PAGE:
How do you top something like that? If you’re Al, you imagine Brian Wilson waxing rhapsodic not about his love of celery and whatnot, but rather about the pancreas, his favorite internal organ.
In keeping with its inspiration, “Pancreas” is less a simple song than a miniature suite that, like the similarly ambitious, similarly sophisticated, similarly audacious and similarly impressive “Genius in France”, is continually shifting and morphing and changing shape and form and genre and tone as it goes along.
“Pancreas” is the antithesis of minimalism. But if there’s an enormous amount going on for a song about the miraculousness of an internal organ, the sound is never cluttered or messy. There’s a cleanness to the sound, a hyper-professional polish that speaks to Al’s enormous growth not just as a songwriter but also as a producer and a musician.
“Pancreas” isn’t just a tribute to Smile era Brian Wilson and his glorious eccentricities; in less than four minutes it tracks their fascinating and important sonic and cultural evolution (one that mirrored, echoed and influenced a similar evolution taking place overseas with the Beatles, whose Paul McCartney reportedly chomped celery on “Vegetables” but is not listed in its personnel) from the relative innocence of their early to mid-60s output to the freaky LSD atmospherics of “Good Vibrations”, Pet Sounds and Smile and then the weird sonic experiments
that followed, as Brian Wilson and his band went down very different paths, as Wilson tried to attain spiritual fulfillment through art and Mike Love and the gang tried to keep the money machine going strong singing surf songs to nostalgic suckers.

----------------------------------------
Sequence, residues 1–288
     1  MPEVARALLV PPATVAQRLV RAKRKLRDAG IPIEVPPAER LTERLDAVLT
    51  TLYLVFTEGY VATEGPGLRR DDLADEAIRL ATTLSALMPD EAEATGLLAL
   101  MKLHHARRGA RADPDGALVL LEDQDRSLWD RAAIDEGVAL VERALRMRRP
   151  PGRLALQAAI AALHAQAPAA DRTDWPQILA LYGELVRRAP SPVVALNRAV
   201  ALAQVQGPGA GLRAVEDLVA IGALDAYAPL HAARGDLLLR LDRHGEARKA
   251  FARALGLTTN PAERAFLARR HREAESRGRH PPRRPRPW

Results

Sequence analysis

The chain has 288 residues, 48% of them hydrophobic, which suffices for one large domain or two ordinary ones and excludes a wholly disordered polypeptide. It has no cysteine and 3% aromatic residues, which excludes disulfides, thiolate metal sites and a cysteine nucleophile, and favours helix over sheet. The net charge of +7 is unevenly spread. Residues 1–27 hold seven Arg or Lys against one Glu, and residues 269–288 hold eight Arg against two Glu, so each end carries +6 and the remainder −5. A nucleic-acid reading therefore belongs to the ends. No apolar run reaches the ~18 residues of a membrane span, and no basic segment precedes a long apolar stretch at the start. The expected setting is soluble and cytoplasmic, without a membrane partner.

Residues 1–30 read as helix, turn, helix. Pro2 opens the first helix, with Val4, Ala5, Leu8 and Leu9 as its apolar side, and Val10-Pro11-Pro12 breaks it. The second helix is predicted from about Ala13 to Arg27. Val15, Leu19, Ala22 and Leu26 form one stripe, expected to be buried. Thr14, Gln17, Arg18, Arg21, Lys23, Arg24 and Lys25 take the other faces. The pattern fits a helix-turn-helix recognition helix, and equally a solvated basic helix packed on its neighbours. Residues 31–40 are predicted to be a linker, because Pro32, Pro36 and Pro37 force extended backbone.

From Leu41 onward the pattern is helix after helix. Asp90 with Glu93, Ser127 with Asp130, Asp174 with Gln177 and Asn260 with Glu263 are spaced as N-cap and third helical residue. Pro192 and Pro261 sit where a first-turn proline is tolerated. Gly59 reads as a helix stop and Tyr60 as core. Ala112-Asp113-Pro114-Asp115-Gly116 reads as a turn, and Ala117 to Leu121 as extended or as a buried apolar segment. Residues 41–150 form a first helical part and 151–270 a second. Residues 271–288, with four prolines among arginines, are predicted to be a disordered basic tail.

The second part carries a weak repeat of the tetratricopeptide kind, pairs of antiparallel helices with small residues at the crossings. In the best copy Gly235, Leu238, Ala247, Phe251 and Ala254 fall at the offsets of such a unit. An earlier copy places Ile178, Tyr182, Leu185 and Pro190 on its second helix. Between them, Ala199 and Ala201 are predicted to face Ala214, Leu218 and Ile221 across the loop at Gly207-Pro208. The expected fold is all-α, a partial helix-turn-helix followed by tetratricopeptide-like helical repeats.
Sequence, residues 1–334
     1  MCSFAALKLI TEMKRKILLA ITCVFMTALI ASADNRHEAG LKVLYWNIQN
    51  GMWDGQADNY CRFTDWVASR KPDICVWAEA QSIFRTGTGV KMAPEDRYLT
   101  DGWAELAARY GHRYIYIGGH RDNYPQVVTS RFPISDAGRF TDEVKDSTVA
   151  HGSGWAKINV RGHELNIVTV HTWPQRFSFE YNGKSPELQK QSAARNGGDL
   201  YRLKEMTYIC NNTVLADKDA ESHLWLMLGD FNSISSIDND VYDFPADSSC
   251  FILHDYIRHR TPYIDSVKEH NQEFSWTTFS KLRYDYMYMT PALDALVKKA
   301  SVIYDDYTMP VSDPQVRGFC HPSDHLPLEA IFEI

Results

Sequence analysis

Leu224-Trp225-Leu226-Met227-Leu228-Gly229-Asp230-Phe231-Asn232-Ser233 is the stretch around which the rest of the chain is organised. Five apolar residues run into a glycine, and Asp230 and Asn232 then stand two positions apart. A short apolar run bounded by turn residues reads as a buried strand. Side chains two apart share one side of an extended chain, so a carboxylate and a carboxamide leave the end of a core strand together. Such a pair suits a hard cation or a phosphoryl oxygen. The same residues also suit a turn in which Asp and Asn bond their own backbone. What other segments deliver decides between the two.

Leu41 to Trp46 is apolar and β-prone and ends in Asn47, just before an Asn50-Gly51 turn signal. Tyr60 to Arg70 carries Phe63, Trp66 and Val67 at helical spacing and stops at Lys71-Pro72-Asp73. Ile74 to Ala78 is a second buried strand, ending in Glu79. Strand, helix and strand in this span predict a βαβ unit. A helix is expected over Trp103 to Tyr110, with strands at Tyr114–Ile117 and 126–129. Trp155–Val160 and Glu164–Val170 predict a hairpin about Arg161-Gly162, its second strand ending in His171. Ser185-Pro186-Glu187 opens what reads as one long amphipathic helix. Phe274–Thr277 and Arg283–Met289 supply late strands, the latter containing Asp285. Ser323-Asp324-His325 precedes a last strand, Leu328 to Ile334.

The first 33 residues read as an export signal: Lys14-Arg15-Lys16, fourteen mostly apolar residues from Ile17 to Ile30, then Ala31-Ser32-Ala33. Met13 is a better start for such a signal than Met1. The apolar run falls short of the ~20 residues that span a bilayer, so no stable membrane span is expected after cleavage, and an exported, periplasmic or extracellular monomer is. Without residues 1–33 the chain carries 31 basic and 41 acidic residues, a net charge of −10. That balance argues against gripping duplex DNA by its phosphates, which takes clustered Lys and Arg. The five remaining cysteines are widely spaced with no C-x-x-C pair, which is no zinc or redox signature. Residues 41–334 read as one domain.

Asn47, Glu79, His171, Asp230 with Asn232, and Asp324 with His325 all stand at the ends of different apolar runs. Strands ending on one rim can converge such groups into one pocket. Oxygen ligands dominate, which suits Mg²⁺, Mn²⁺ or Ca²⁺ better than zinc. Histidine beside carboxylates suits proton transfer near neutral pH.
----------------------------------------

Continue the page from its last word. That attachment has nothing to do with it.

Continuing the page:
In an earlier era, I might have argued that “Pancreas” is another of Al’s songs about weird obsessives whose lives gain new meaning and excitement with the addition of some unlikely, comically incongruous pseudo-marvel, from Ed McMahon to Gilligan’s Island. But I feel like Al had outgrown that by this point.
He’s playing a bigger, more sophisticated game here. The comedy here comes less from hard jokes than from the audacity of the song’s concept and the beauty of its execution.
“Pancreas” is primarily a loving, pitch-perfect homage to the Beach Boys and Brian Wilson at their most loopily ambitious but there’s a crystalline section where our pancreas-crazy crooner sings, “My pancreas attracts every other/Pancreas in the universe/With a force proportional
To the product of their masses/And inversely proportional/To the distance between them” that sounds equally like the Beatles and They Might Be Giants.
On “Pancreas”, “Weird Al” Yankovic continues to make science fun, littering this groovy tribute to the most brilliant and damaged Beach Boy and a seriously groovy organ with college words like “deuodenum", “Insulin”, “glucagon”, “Lipase”, “amylase”, and “tripsin.”
With “Pancreas”, Al and his collaborators created an epic song of great, unlikely beauty about an unlikely subject matter that Al manages to make seem weirdly beautiful in its own right.
Incidentally, Al actually played accordion on "Let's Stick Together” from Sweet Insanity, a Brian Wilson album recorded while the eccentric genius was under the care of controversial psychiatrist Dr. Eugene Landy that was never released. This reverses the usual dynamic, where Al gets someone like Ben Folds or Ray Manzarek to contribute to tribute to their work on songs like “Why Does This Always Happen to Me” or “Craigslist.”
It would have been a coup if Al had been able to get Wilson to contribute to “Pancreas” but he did magnificently even without him.